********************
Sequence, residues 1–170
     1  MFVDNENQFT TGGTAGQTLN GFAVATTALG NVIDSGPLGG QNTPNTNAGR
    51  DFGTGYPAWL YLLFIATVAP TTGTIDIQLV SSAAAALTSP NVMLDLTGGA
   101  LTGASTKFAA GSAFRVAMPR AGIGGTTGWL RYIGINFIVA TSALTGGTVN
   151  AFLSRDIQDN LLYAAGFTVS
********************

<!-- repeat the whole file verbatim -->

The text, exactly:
Sequence, residues 1–170
     1  MFVDNENQFT TGGTAGQTLN GFAVATTALG NVIDSGPLGG QNTPNTNAGR
    51  DFGTGYPAWL YLLFIATVAP TTGTIDIQLV SSAAAALTSP NVMLDLTGGA
   101  LTGASTKFAA GSAFRVAMPR AGIGGTTGWL RYIGINFIVA TSALTGGTVN
   151  AFLSRDIQDN LLYAAGFTVS